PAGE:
Saturday, December 07, 2002

It's So Easy

Saw my first ever Guns N' Roses concert Thursday night, at Madison Square Garden, amidst the worst snowstorm this city's seen in a few years.

Before GNR went on, they had this big screen to project video footage, and these cameras just got live shots of "hot" girls walking around the venue. Every time they put a girl on the screen, there were big whooping (male) cheers from the audience. Inevitably, these two girls flashed their boobs to wild response from the crowd. Suffice it to say, C was none too pleased with this portion of the program...

Then the show began. Here's where I must point out, I got absolute shit seats. Of the countless concerts I've been to, these were by far the worst seats I have ever had. They were slightly *behind* the stage! (And they've got this big backdrop for this tour which includes chinese characters and video screens.) TEN YEARS OF WAITING and I'm BEHIND THE FRICKIN' STAGE?!

They had a big screen so you could sort of see the action and a side-view of the stage, but I was watching like half the show and the crowd was totally into it -- but I could barely hear Axl's voice. It sounded all muddy and dull, and the voices of the audience singing along practically drowned him out...

Then, during November Rain, I decided to walk around to the other side of the stage... and I discovered that the reason it sounded like shite was because THE SPEAKERS WERE ALL FACING FORWARD and they hadn't placed speakers to accomodate the people on the sides! It was like a whole different concert! It sounded brilliant, Axl's voice was clear as a bell, the band was tight...

I fetched everybody else (C, N, D & J) and we all got out of our seats and walked around to the other side of the stage and just stood by the railing along with all these other people who knew better. Some security guards cleared us away a few times, telling us we had to go back to our seats, but people just kept moving and after a while the guards didn't bother.

It was sublime. It sounded incredible. The band was brilliant -- they had the presence that so many new bands these days DON'T have. (I like that they don't all just come out in t-shirts and jeans -- rock stars should be larger than life... if I'm gonna pay $80 for a seat, I not only wanna hear some great music, I want to see the musicians dress up in costumes! Play the part of rock stars! I don't want to see a bunch of guys who look like they could be doing their laundry...)

The members of the band have distinct personalities -- musically and visually. Robin Finck (from Nine Inch Nails) was all dressed in white silk -- N said he looked like one of the "droogs" out of "A Clockwork Orange". The drummer, Brian "Brain" Mantis, wore flannel like a remnant of the grunge era.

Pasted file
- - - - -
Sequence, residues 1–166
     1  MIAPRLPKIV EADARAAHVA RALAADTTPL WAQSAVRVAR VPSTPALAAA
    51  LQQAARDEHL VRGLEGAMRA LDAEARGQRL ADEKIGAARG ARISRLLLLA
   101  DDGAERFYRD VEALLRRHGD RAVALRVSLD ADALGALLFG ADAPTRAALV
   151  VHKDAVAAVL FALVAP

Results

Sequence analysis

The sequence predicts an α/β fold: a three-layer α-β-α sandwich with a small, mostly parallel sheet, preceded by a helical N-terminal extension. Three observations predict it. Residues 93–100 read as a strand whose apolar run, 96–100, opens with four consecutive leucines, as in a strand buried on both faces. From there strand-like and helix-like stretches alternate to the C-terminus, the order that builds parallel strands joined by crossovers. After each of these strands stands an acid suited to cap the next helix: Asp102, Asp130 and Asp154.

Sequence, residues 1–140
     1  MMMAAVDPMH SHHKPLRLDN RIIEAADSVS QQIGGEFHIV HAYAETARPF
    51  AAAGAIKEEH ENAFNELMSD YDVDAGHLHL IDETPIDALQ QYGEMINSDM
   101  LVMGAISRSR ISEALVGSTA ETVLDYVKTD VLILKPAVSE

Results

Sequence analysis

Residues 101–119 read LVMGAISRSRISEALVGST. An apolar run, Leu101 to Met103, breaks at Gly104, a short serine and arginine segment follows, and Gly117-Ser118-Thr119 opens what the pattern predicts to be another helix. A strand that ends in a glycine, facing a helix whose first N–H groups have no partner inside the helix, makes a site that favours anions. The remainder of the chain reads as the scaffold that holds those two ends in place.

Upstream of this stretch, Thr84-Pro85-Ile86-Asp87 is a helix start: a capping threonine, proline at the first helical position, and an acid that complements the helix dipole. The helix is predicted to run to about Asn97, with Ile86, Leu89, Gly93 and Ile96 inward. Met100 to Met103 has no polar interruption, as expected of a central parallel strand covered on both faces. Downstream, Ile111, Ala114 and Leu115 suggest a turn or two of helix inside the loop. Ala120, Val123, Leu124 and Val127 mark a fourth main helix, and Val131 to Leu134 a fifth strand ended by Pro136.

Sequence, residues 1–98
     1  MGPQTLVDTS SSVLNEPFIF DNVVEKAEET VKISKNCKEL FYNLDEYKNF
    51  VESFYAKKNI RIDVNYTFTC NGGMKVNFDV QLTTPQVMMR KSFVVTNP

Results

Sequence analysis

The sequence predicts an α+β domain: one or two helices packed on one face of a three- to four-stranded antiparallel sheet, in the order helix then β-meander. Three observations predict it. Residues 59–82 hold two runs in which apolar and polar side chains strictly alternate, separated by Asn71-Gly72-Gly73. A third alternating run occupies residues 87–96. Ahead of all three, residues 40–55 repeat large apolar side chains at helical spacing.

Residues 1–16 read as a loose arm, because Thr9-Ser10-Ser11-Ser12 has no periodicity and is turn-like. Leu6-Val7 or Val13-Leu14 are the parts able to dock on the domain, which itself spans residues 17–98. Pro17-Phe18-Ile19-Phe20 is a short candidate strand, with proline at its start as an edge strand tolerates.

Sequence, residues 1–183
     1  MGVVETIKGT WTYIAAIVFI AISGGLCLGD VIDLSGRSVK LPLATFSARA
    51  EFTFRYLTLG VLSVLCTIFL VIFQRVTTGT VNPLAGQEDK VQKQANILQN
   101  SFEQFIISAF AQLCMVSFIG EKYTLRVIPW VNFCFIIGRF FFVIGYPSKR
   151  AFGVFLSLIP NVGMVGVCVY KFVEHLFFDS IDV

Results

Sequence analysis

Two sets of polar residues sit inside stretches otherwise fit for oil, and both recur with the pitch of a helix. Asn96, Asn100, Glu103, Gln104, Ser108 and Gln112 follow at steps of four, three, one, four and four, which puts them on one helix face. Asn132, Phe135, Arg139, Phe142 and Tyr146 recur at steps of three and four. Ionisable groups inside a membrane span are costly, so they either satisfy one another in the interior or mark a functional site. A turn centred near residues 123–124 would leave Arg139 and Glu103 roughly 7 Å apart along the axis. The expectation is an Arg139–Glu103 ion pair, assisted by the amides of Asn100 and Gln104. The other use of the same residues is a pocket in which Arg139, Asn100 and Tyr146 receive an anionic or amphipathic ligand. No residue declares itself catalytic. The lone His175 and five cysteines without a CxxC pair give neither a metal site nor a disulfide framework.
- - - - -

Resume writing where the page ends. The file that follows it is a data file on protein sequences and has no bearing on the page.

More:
The infamous Buckethead indeed wears a KFC bucket on his head throughout the whole show, along with a white mask over his face. The only pieces of him that you can really see are his hair and his hands (he's some white guy). At one point, he does this solo where he plays the Star Wars theme. Then, he handed out toys (action figures, it looked like) to members of the immediate audience.

What I love about it is that, to me, GnR represent all the beautiful things that a rock band can be. They obviously don't take themselves so seriously that they're unwilling to dress up and do some silly things. At the same time, they're not all about the makeup and effects the way that their 80s hair-band contemporaries were. They are all extremely competent musicians. Tremendous musicians... who aren't hiding behind their instruments. (Though may be hiding beneath buckets...)

I was also taken by the makeup of the crowd. Well, okay, I was one of the few minorities there -- I'm accustomed to that by now. It was mostly a sea of white. (I think I actually saw *ONE* black guy at the concert... not including the staff of Madison Square Garden.) But what impressed me was that it was a mix of older people and *younger* people. A *lot* of younger people.

Now, I don't want to go on a rant here -- but Guns N' Roses was the first band that I ever really got into seriously. Before i got into them, frankly I thought they were just a big, overrated, jock/cock-rock joke. Their videos cast them as big rock stars with supermodel girlfriends, singing about pain and suffering -- it had no resonance to me. (Sort of like the trend in hip-hop, where people brag and bemoan the problems and luxuries of loads of money and girls and fame... how does a regular person on the street
relate to that?) But then, I started to listen to the music and I saw the deeper values. The poetry. The sound. The passion. The fury. On the albums and in the performances I saw on tape. They were like the epitome of what a rock band could be. And I think the public moved on because the public is fickle. (And GnR disappeared for a good long while.) I just hope that another generation will find them and appreciate them sufficiently.

I'm just really thankful that we got to see them play. I'm more than a bit disappointed that they've just hit another snag and cancelled a bunch of dates (there were riots in Philly last night, when they backed out right before they were supposed to go onstage). I think we narrowly missed a bullet. On the road to rehabilitating the public perception of "Guns N' Roses" and Axl Rose, cancelling a bunch of shows is probably not the best thing for them to be doing right now... but at least *I* got to see them... hopefully, not for the last time...